AHA 2021 Annual Conference presenters

Keynote address: New Light on the Polynesian Settlement of the Eastern Pacific, Including Hawai’i

9:10 am — 9:50 am

A flurry of new archaeological research in the islands of Eastern Polynesia over the past two decades has greatly refined our understanding of the timing and pace of Polynesian exploration and settlement of this vast region. Re-excavation and dating of key sites, along with refinements in radiocarbon dating and the new method of 230 Th coral dating, have resulted in a shortened chronology for this diaspora. The discovery of the remote islands of Eastern Polynesia, including Hawai’i, Rapa Nui, and Aotearoa, occurred over a span of just two centuries. Evidence also indicates that Polynesian canoes made it all the way to South America, returning with the economically important sweet potato (‘uala).

Patrick Kirch

Professor, Department of Anthropology,University of Hawaiʻi at Mānoa

Patrick V. Kirch is Professor of Anthropology at the University of Hawai’i,
Mānoa, and also Professor Emeritus of Anthropology and Integrative Biology at the University of California, Berkeley. Born and raised in Hawai’i, Kirch received his B.A. from the University of Pennsylvania and Ph.D. from Yale University. Kirch held positions at the Bernice P. Bishop Museum, the University of Washington, and from 1989-2014 taught at U. C. Berkeley. In 2019 Kirch returned to Hawai’i and joined the U. H. Mānoa faculty. Kirch’s research interests include the evolution of complex societies, preindustrial agricultural systems and agricultural intensification, and the dynamic interactions between human populations and their ecosystems. Kirch uses islands as “model systems” for understanding both cultural evolution and the complex dynamics between humans and their island ecosystems. He has carried out archaeological fieldwork in the Mussau Islands, Solomon Islands, Tonga, Samoa, Futuna, the Cook Islands, Society Islands, Mangareva Islands, and Hawaiian Islands. Kirch has published some 25 books and monographs, and more than 300 articles and chapters on the results of his research. He has been elected to the U.S. National Academy of Sciences, American Academy of Arts and Sciences, and the American Philosophical Society. Among his other honors are the John J. Carty Award for the Advancement of Science (NAS), the J. I. Staley Prize (School for Advanced Research), and the Herbert E. Gregory Medal (Pacific Science Association).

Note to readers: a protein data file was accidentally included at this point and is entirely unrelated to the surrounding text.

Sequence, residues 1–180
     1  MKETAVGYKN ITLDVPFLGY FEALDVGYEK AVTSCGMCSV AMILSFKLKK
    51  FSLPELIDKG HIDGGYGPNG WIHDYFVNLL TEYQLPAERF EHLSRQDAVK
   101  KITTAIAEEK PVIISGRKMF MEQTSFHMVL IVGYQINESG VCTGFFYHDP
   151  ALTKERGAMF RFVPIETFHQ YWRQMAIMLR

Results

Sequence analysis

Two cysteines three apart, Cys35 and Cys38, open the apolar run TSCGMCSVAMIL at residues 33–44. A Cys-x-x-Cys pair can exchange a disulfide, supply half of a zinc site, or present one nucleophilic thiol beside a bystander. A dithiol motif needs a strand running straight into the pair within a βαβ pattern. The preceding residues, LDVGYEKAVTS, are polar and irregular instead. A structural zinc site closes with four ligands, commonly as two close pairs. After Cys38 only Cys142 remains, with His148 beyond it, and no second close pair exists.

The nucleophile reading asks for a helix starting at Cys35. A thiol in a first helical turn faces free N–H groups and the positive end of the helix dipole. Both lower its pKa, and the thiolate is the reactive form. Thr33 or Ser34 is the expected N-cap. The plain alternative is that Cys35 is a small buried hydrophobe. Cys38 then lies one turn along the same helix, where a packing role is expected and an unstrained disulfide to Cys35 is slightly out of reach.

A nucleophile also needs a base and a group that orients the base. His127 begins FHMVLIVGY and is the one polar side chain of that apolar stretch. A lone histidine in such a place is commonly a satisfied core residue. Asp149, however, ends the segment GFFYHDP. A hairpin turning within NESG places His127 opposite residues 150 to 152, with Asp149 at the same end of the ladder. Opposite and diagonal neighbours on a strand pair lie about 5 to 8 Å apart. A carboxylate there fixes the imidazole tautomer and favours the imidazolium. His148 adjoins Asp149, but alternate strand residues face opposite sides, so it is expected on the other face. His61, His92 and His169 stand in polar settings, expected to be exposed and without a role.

Appearing acts/ Adaptability: Adjusting and Implementing a Preservation and Access Grant During a Pandemic

10:00 am — 10:50 am

Malia applied for a Hawaii Council for the Humanities Preservation and Access grant for the Ossipoff & Snyder Architects Collection and was notified that the award was fully funded for $7,000 in January, 2020. She had a student assistant, an intern, and volunteers lined up to support the physical re-housing of the collection – work was well underway when the library closed and help evaporated in March. Malia will talk about how she was able to carry out the grant commitments and create online access to the collection during the pandemic. Stacy will talk about working with Malia and other grantees on changes to their grants caused by the pandemic, such as staffing changes, ordering delays, shifting public presentations online, and grant extensions.

Malia Van Heukelem

Art Archivist Librarian, Jean Charlot Collection, , University of Hawaiʻi at Mānoa

Malia oversees the Jean Charlot Collection, a large collection of artist papers, plus the Archive of Hawaii Artists & Architects at Hamilton Library. Previously, she worked in the Library’s Preservation Department, and has served as Collections Manager for the state’s Art in Public Places Collection and for ‘Iolani Palace.

Stacy Hoshino

Director of Grants and Special Projects, Hawai`i Council for the Humanities

Stacy Hoshino is Director of Grants and Special Projects at Hawai‘i Council for the Humanities where he manages the organization’s grantmaking program. Also, he has created public humanities programing with a focus on topics that are timely, and sometimes, challenging. He has been an active and proud supporter of HMA as volunteer Nominations Committee chair since 2015, and from 2010-2012 served as board president.

Resilience in Action: Adaptations when COVID foils your statewide program

1:15 pm — 2:25 pm